slides: Mum’s the Word: Four Ways to Stay Sane While Potty Training
Friday, April 10, 2015
To my annoyance, I am not one of those yoga mothers who you’ll hear casually bragging at the gym, “Yeah, little Poppy took right to the potty. Can you believe it? Eight months old and already out of diapers! I just can’t keep up with her…oh don’t worry; I’m sure Tobias will get it one day. So hey, how’d that Kombucha recipe turn out?”
Unlike Yoga Mom, my experience with potty training my toddler could easily be referred to as “A Series of Unfortunate Events.”
Just the other day, I picked up Lia, my daughter, from my mother’s. Lia rushed out looking fresh as a daisy in her Sleeping Beauty costume and yelled, “Mom! I peed in there (her grandpa’s office), but it’s okay. I let it dry up.”
Considering my three year old is capable of speaking in full sentences, it’s starting to get a little suspicious that doesn’t “know” how to go potty. However, throughout this emotional process, I have learned that patience is the key ingredient in staying sane while potty training.
In the last several months, I have found that emotional development is equally as important as physical development when you’re in the process of potty training your little one. So, for some of us, our children may be approaching preschool or kindgeraten before they're out of diapers. That's okay; everyone develops differently.
Still, when you’re in the line at the grocery store buying yet another package of expensive Pull-ups, (what are these made out of, unicorn hide?) it can be a little difficult to remember to be patient with the whole potty training endeavor.
So for all of us parents, whom heaven deemed fit to smile down upon specifically, I have compiled a list of things to remember while potty training the “willful” child.
SEE SLIDESHOW BELOW.
Related Slideshow: Mum’s the Word: Four Ways to Stay Sane While Potty Training
1.Take your time.
There are many psychological reasons why a child, no matter how old, might not be ready to use the potty. Sometimes, they feel like using the potty is letting go of something that is precious to them (I admit, I do not fully empathize with this sentiment.). However, I happen to have a daughter who sings the Peter Pan song, “I Won’t Grow up!” with the passion and gusto of a civil rights activist. For her, the issue is that she is afraid that if she uses the potty like a “big girl,” then she will immediately stop being my baby. With this in mind, it’s okay to take your time with potty training. It’s better to ease into it then to cause emotional distress on both you and your little one.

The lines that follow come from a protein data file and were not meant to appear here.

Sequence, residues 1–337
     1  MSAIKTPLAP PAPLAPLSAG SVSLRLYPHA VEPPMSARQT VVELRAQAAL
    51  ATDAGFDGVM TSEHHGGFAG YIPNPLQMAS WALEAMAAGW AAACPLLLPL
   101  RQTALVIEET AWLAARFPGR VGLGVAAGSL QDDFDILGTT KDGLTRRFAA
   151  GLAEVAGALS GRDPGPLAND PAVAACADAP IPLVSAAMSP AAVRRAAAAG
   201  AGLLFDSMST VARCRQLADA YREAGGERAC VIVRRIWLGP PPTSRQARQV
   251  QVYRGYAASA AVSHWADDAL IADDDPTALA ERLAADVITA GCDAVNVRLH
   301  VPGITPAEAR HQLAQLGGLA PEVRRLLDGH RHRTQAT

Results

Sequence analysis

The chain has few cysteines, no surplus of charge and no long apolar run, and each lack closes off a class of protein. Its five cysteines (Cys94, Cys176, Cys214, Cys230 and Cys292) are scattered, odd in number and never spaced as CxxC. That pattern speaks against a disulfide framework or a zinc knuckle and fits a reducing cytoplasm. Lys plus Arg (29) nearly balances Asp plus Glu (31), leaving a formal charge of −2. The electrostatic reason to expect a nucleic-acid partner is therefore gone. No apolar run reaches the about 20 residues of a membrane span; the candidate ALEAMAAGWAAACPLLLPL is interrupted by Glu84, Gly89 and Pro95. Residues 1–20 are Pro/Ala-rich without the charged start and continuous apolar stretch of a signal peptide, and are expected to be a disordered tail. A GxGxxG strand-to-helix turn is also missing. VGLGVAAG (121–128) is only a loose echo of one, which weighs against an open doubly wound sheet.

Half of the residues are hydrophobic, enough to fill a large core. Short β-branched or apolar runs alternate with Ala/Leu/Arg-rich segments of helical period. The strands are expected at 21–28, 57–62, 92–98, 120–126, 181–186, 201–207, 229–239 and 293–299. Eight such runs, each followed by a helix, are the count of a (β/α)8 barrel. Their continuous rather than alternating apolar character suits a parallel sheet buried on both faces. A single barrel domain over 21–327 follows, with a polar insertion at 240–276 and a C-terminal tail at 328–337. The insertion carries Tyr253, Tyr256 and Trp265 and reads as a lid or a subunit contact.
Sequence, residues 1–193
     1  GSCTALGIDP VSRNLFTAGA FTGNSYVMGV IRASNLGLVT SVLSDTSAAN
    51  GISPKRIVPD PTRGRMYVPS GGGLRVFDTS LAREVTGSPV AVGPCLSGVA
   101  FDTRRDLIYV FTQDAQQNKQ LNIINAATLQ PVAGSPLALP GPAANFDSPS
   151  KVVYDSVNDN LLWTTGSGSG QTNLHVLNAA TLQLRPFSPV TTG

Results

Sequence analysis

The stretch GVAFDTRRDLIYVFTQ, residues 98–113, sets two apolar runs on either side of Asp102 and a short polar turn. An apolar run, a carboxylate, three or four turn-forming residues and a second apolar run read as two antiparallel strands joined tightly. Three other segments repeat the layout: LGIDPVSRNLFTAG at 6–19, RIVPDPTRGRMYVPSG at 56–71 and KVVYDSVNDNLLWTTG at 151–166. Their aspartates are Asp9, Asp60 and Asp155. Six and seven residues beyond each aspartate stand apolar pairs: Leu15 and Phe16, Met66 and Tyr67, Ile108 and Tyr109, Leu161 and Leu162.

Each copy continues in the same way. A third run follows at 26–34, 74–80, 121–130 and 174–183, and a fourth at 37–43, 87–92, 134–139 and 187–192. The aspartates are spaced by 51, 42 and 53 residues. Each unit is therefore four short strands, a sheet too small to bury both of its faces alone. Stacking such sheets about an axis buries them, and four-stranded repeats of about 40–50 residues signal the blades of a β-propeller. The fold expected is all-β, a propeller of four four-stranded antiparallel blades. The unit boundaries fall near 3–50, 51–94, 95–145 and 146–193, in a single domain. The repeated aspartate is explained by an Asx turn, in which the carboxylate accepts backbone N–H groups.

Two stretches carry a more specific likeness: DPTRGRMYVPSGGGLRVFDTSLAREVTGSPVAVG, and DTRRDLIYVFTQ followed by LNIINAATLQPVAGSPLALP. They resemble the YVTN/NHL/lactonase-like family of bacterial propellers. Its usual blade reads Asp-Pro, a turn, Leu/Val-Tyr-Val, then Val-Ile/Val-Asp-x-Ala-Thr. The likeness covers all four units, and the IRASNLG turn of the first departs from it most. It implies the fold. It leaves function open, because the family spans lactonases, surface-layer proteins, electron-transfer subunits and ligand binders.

Sometimes, we get into these “WE ARE POTTY TRAINING TODAY” moods as parents. We buckle down, and we make the decision to show our children that life isn’t just fun and games. Suddenly, our homes turn into a medieval prison as we launch into a week of Potty Training Boot Camp 2015. When we get like this, though, it can sometimes end up leading to more stress on both you and your child. So, again I say, lighten up. Yes, be consistent with taking him or her to the potty every ten or fifteen minutes, but be sure to make it an enjoyable experience. Never yell or get upset when things inevitably don’t go as planned.
Be kind. As I indicated before, potty training is an extremely stressful time for everyone involved. Since we aren’t always “our best” when we are stressed, remember to be kind to both yourself and your little one. You’re not a bad parent simply because you have a three year old who claims she is fine with pooping in her pants for the rest of eternity. You’re not a bad parent, and she isn’t a bad child. Since we only live once, we’re all just trying to figure out this crazy, scary thing called life as we go. Not all of us will get it socially “right” in every area. So when we seem to be behind or on a completely different path than everyone else, resist the urge to shame-talk yourself. Instead, make a commitment to be kind and to keep trying.
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